Miners watch how iron ore emerges from China’s winter
8 January 2018
Australia’s big iron ore miners will be closely watching how Chinese prices of steel and iron ore move following the Christmas break, with a strong end to 2017 supporting expectations that BHP and Rio Tinto can maintain their renewed focus on shareholder returns.
The price of top-grade iron ore surged more than 24% to $US72.62 between the start of November and December 29, as steel production in 28 Chinese cities was wound back as part of the Chinese government’s anti-pollution push.
The clean skies initiative has seen the price of higher grade iron ore jump sharply, as Chinese steel mills look to increase production while reducing pollution.
While iron ore future contract prices wobbled in late December, iron ore on the Dalian Commodity Exchange rose 2.7% to Friday to finish the year at 531.5 yuan, up 16.5% for the year.
“Iron ore is rising as there is expectation that steel mills would recover production and they need to make bookings ahead of that,” said Bai Jing, an analyst with Galaxy Futures in Beijing told Bloomberg.
But the biggest question is how the Chinese prices move as shuttered steel production in those 28 cities is brought back on line.
There are some concerns around the fact that stocks of iron ore at China’s ports have continued to climb. Data from Steelhome showed stockpiles at China’s main ports rose a further 2.66 million tonnes to hit 146.23 million tonnes on December 22.
But UBS analyst Glyn Lawcock said “the Chinese winter shuts have had a better than expected impact on commodity prices [and] steel and bulk commodities in particular” and while he does see some risk of softer prices as production returns to normal, UBS has upgraded its iron ore outlook for 2018 by 7% to $U64 a tonne.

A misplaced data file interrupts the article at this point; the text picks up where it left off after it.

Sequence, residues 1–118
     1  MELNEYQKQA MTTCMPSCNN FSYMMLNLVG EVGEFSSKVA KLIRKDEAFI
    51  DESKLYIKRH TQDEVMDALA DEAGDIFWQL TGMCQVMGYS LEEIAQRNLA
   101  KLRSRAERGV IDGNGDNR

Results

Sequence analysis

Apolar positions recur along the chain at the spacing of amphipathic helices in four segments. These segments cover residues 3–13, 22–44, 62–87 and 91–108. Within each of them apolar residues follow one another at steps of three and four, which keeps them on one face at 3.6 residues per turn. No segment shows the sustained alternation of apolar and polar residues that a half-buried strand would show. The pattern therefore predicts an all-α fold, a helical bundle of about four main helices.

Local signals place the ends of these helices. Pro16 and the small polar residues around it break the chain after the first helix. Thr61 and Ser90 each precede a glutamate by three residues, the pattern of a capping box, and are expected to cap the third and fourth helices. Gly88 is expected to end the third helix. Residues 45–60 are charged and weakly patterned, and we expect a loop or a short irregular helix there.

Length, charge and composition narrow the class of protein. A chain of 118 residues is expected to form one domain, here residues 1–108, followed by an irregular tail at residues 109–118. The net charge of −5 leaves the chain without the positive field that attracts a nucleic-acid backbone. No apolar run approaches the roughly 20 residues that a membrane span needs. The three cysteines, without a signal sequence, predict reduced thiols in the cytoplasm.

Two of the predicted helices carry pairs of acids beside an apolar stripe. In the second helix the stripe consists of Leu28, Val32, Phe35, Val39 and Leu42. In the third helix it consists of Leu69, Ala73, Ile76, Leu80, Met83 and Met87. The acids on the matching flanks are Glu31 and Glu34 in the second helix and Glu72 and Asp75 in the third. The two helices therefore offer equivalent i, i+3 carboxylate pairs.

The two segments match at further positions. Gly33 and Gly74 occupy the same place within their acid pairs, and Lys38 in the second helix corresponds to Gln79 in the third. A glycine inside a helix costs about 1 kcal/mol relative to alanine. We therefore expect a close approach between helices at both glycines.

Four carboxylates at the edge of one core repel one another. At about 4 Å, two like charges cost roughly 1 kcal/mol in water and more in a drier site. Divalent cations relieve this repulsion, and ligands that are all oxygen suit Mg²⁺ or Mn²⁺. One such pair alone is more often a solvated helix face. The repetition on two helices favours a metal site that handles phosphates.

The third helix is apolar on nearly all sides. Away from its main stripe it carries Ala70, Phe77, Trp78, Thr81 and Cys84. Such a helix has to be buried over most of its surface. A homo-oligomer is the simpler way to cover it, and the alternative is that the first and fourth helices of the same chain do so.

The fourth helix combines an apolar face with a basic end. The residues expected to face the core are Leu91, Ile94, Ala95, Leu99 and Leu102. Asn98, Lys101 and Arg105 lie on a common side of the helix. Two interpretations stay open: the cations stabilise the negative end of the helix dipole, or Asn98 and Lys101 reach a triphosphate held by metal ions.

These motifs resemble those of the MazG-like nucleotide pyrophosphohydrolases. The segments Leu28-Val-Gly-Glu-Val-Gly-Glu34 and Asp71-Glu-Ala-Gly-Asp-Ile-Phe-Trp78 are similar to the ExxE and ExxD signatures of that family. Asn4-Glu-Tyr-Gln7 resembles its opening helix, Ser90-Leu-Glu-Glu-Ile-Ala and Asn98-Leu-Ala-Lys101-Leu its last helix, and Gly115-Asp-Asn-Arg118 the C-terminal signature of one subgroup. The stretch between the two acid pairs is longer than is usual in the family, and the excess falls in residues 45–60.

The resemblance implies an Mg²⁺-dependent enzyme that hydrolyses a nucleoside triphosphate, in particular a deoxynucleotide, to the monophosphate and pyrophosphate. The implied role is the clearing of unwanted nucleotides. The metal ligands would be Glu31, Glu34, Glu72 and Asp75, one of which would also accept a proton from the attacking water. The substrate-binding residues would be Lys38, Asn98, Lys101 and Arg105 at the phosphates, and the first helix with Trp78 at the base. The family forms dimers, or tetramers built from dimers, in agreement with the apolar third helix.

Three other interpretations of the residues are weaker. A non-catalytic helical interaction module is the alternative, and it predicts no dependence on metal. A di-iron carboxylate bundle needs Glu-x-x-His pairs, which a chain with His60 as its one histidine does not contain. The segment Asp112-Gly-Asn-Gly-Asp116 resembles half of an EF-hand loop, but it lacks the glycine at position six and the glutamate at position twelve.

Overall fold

Mr Lawcock expects iron ore prices will be underpinned by China’s continued focus on curbing pollution and the big miners keeping supply in check by focusing on value over volume.
“Our confidence in early 2018 being positive for the miners and production discipline being maintained stems from the fact that miners either have elevated debt levels or memories of the past few years where prices and margins crumbled under the weight of supply or both,” Mr Lawcock said.
“We believe it is fair to say that the commodity prices we are experiencing today (in some cases above long-term levels) are trading there because of restricted supply either due to China’s winter shuts or pollution/safety concerns, or voluntary supply restriction by Western world producers. Hence there is no immediate need to grow supply.”
The February reporting season should provide a further boost to mining investors, who watched BHP jump 23% in 2017, Rio rise 32% and South 32 rise 32%.
UBS expects BHP will launch a share buyback at its half-yearly results, with Mr Lawcock describing it as “essentially playing catch-up” to Rio, which completed a $US1.5 billion ($1.92 billion) buyback on December 27, taking its full-year returns to shareholders to $US8.2 billion.
BHP’s balance sheet is in good shape; Mr Lawcock puts BHP’s debt at $US13.8 billion at December 31, 2017, safely within its target range of $US10 billion to $US15 billion.
Rio Tinto could also give its returns to shareholders a boost in 2018 if it was to sell its Queensland coal assets, which could be worth as much as $2 billion.
South32, which launched $US750 million of buybacks in 2017, and UBS see scope for special dividends.
Source: AUSTRALIAN FINANCIAL REVIEW